The summer of 2018 saw a breakthrough for female recruits joining the male-dominated ranks of the combat units in the Israel Defense Forces. Some 1000 young women volunteered for combat duty, 150 more female recruits than in 2017, and up from 547 in 2012. Four (not new recruits) became the first female tank commanders, and the Israeli Air Force announced the appointment of the first female commander of a flight squadron.
Leaders from women’s organizations, and many politicians, hailed these events of breaking gender boundaries as symbols of feminist achievement and gender equality. But some viewed it differently.
Dr. Nava Sonnenschein, a veteran peacemaker and teacher of conflict resolution who has focused on Israeli-Palestinian dialogue for decades, declared that this upsurge is not the equality for which Israeli women should be striving. “Women should not barrel their way in to gain equal access to combat units,” said Sonnenschein, in an interview in Hebrew with Lilith. “Instead, they should fight to change the pervasive militarism in Israeli society.”
That’s a cause Sonnenschein has been engaged in for some 45 years, since she herself served in the IDF as a teacher at the Ein Karem Agricultural School in 1973—notably, not a combat position. In the Yom Kippur War that year, Sonnenschein lost several classmates and friends, and her impulse to pursue peace actively was sparked after she attended a memorial ceremony at her high school in Haifa. “Among the many people I knew who had been killed were my first love, Nimrod Gazit, and Muly, my cherished counselor from the HaMachanot HaOlim youth movement. I had also visited an injured friend at Soroka Hospital in Beer Sheva, and saw soldiers badly burned, with body parts hanging in the air.
“When the speakers at the memorial ceremony recited rote lines about valiant soldiers sacrificing their lives so that we could live, I felt a pit in my stomach. Was there really no alternative?”
Determined to find one, Sonnenschein co-led her first Israeli-Palestinian dialogue group utilizing a Jewish and an Arab facilitator. This was in 1974, while she was studying for a bachelor’s degree in education and art at University of Haifa, That group opened the door to a lifetime of peace work.
Alongside her peace activism, Sonnenschein has supported feminist principles. But an influx of women into combat units is not the gender segregation we should be challenging, she said.
“A border policewoman with an M16 slung over the shoulder frisking an elderly woman at a checkpoint is not the pinnacle of equality between the sexes,” asserted Sonnenschein. Nor is it the best use of that inductee’s talents. “Women should strive to promote a different sort of equality in our society: democracy, justice, and peace for all those who live in Israel and Palestine.”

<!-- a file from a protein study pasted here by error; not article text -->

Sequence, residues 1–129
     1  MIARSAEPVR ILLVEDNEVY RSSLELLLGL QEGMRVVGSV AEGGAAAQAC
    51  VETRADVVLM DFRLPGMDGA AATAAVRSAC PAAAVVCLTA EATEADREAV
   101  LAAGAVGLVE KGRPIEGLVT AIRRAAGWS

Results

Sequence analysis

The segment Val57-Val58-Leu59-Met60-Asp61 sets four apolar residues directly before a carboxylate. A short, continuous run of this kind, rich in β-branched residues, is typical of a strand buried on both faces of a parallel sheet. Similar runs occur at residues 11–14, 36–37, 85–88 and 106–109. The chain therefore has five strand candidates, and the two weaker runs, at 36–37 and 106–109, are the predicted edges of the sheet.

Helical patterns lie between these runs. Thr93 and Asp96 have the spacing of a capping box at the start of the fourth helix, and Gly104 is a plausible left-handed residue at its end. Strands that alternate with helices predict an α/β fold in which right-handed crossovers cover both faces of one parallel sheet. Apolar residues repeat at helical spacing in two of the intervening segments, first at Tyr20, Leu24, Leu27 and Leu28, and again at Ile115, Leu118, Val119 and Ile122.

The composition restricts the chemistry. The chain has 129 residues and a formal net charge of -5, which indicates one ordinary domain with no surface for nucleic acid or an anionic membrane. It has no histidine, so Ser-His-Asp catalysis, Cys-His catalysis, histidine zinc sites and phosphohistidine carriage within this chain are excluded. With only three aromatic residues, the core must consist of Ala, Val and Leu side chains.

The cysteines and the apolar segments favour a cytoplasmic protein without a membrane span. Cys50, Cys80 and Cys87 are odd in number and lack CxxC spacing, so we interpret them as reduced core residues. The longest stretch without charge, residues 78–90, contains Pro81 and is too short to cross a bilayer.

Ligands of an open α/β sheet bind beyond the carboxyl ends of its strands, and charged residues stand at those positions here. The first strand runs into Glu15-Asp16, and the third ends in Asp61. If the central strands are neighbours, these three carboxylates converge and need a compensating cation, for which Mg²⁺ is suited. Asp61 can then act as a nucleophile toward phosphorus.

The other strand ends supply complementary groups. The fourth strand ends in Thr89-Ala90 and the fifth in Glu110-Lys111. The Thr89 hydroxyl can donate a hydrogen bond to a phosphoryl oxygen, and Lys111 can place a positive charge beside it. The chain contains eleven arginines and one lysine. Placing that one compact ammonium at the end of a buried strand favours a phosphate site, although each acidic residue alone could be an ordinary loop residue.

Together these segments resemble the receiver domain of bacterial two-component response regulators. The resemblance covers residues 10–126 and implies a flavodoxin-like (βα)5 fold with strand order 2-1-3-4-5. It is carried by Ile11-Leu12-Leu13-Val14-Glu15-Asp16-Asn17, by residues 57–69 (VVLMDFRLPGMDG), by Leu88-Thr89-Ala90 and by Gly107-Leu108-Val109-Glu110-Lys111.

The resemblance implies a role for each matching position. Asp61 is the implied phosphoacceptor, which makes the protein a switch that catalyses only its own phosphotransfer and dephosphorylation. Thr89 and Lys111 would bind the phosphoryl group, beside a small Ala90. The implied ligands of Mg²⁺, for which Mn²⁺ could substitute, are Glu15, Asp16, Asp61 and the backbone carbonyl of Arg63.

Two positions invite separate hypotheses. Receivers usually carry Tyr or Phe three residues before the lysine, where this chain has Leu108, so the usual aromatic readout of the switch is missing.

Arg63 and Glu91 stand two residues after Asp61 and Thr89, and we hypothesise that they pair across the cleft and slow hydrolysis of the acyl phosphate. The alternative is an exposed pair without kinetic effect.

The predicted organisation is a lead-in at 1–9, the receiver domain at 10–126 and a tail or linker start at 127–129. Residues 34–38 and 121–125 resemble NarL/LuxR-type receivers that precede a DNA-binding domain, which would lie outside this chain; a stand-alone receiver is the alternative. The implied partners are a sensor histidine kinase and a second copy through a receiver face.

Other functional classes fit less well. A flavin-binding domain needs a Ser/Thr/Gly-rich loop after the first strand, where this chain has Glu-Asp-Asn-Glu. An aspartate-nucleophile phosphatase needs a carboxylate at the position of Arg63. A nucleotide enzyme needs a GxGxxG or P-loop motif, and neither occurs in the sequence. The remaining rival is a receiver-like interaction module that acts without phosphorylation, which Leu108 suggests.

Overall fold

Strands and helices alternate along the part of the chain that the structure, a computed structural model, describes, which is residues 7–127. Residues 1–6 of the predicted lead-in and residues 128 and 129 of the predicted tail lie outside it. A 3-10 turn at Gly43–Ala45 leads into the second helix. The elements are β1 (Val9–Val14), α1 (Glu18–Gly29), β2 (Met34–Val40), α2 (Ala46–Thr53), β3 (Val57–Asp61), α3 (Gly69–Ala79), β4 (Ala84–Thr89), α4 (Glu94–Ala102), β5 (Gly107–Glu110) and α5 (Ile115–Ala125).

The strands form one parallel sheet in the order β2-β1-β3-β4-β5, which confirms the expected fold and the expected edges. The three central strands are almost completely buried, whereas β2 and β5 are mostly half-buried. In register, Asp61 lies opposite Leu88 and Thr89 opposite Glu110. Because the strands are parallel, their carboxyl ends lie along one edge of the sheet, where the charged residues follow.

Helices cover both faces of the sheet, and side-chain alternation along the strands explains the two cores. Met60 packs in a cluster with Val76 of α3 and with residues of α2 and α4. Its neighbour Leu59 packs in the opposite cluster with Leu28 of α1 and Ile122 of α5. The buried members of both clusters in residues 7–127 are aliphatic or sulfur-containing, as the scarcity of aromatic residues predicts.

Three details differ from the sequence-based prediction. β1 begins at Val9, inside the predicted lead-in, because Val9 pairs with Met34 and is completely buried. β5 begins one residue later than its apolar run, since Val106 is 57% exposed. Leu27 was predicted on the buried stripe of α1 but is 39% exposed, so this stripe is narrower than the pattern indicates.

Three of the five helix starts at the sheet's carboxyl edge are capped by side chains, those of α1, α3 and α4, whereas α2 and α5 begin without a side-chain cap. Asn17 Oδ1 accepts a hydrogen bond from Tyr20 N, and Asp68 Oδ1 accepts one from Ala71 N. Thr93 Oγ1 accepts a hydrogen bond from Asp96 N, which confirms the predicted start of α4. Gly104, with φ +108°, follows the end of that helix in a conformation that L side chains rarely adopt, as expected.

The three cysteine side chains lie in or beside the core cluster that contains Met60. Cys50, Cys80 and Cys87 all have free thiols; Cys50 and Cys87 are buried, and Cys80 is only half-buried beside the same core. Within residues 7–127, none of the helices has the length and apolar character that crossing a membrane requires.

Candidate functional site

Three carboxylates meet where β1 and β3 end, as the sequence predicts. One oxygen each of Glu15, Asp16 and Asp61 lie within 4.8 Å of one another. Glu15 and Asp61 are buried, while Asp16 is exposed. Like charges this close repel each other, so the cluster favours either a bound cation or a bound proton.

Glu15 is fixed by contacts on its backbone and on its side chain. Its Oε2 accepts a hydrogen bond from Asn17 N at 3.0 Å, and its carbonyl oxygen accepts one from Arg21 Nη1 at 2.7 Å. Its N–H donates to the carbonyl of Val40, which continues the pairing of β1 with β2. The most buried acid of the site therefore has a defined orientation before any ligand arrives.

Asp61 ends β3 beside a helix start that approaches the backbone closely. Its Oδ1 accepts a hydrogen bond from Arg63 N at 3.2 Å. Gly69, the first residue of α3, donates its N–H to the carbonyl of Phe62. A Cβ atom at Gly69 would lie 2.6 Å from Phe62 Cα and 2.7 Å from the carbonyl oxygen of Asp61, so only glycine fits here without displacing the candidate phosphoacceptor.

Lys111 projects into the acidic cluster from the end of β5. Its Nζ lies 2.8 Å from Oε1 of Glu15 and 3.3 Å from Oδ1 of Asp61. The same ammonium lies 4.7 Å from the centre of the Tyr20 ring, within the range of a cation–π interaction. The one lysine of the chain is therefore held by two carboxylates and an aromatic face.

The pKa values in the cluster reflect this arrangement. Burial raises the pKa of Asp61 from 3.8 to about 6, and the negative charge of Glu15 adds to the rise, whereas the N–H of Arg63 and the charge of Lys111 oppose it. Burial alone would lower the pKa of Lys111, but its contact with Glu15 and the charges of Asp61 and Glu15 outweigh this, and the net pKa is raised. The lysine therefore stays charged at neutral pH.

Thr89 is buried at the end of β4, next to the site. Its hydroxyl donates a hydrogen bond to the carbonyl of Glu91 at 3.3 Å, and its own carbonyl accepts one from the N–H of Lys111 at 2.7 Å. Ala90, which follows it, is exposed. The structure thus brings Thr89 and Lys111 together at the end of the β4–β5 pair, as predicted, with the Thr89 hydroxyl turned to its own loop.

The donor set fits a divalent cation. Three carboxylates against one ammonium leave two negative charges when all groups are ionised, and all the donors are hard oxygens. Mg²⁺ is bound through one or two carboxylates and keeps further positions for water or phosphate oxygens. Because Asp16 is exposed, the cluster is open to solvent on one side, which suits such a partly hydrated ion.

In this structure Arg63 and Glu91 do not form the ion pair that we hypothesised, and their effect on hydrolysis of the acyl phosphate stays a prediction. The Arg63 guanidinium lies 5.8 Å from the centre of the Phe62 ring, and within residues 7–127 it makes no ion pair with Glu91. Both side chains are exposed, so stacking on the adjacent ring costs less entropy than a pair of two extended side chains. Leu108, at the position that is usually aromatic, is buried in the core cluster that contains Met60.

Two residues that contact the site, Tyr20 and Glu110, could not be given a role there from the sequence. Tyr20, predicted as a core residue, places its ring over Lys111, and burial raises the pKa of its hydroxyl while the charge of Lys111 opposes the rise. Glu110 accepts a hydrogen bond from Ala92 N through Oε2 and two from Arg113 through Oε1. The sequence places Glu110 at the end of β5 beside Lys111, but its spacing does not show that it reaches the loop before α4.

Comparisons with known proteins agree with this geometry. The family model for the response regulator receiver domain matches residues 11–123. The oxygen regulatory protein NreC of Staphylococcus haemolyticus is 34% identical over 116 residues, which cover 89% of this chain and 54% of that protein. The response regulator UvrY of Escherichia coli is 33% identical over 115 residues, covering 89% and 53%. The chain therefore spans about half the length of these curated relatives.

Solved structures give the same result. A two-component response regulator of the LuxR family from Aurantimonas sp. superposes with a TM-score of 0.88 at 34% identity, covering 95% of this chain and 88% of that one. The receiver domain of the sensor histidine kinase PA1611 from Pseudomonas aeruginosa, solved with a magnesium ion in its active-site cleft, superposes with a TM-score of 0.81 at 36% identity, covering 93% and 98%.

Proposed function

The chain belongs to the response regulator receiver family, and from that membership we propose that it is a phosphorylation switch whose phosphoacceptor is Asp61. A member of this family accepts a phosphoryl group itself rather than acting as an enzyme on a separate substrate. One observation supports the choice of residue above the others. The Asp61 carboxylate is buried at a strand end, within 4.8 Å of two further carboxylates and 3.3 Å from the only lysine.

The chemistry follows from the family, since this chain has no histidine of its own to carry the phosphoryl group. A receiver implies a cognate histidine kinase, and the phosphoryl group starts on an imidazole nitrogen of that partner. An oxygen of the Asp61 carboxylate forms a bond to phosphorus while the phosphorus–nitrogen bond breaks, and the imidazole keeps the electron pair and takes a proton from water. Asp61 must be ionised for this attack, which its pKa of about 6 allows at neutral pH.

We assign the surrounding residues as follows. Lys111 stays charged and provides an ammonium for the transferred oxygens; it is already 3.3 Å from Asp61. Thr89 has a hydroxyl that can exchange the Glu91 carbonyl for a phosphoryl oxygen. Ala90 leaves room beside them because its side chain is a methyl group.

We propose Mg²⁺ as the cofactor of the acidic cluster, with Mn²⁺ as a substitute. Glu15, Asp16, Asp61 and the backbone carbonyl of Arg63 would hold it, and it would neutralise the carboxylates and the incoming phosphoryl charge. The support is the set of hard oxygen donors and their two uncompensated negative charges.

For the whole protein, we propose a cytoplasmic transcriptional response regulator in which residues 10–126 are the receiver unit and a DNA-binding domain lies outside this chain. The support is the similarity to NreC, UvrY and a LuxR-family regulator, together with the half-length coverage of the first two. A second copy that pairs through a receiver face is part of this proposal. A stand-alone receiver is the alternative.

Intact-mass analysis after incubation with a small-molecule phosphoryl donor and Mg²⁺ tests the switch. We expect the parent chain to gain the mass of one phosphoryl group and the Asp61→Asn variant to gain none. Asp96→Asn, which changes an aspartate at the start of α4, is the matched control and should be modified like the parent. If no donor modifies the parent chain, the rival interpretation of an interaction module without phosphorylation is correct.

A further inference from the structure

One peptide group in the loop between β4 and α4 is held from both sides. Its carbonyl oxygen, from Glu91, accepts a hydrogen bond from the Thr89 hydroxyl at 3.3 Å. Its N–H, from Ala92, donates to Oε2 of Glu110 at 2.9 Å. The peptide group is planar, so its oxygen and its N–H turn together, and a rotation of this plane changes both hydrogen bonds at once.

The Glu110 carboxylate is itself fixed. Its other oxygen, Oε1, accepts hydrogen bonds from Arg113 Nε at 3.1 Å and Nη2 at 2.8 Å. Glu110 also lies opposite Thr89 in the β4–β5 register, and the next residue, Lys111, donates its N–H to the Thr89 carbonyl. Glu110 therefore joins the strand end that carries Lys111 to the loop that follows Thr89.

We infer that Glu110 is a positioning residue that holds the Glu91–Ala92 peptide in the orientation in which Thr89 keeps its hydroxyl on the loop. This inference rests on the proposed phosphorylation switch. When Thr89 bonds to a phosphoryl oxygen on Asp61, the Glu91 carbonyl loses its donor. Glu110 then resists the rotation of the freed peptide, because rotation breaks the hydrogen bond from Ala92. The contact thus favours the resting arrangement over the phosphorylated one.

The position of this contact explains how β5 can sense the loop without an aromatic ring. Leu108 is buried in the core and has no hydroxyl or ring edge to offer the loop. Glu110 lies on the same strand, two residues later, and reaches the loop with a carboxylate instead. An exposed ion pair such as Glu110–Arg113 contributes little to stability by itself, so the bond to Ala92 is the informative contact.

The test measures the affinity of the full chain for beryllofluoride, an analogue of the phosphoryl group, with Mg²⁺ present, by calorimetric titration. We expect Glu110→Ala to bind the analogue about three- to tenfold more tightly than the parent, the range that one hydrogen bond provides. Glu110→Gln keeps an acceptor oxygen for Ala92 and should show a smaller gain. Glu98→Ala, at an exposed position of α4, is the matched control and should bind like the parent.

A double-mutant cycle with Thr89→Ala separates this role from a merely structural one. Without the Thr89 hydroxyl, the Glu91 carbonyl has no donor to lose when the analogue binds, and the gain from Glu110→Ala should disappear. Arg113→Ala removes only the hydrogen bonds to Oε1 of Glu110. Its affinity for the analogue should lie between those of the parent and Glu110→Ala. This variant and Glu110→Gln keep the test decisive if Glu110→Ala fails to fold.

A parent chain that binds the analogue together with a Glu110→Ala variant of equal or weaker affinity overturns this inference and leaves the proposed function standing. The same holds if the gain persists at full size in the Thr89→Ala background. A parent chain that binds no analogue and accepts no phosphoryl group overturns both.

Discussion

Perhaps the historic exclusion of women from combat units has been a determining factor in bolstering their impulse to participate in Israeli-Palestinian dialogue. A byproduct of this exclusion has been that more women appear to have gravitated to peace work. And once engaged in dialogue, women seem to exhibit a greater ability to feel the other side. “From my vantage point, women seem to have more interactive tools to reach across the divide,” says Sonnenschein.
“IDF soldiers who spend three years policing civilians…in the West Bank begin to see the Palestinians not as people,” said Sonnenschein, speaking in Hebrew. “It’s a very difficult job. After these soldiers are released from the army, their motivation to participate in Israeli-Palestinian dialogue is greatly diminished.”
Sonnenschein knows a great deal about peacemaking. She is one of the founders of Neve Shalom-Wahat al-Salam (“Oasis of Peace”), an egalitarian community of Jewish and Palestinian-Arab citizens of Israel, located on a Latrun hilltop between Jerusalem and Tel Aviv. She is also a founder and director of the country’s first and only School for Peace, located in the same community. Since 1980, Sonnenschein has taught some 70,000 Israelis and Palestinians, aged 16 to 72, how to “dialogue-around-conflict,” using a signature method she helped develop at the School for Peace.
The method is rooted in social psychology. It puts the conflict right on the table and addresses the asymmetry of power, allowing for the identity of each side to stretch to include the other.
And stretch it does. For Israeli Rachel Yanay, one of the dialogue participants interviewed for a book by Sonnenschein now out in English, The Power of Dialogue Between Israelis and Palestinians, this stretching involved an embrace of her Mizrahi identity, and changed her relationship to Palestinians.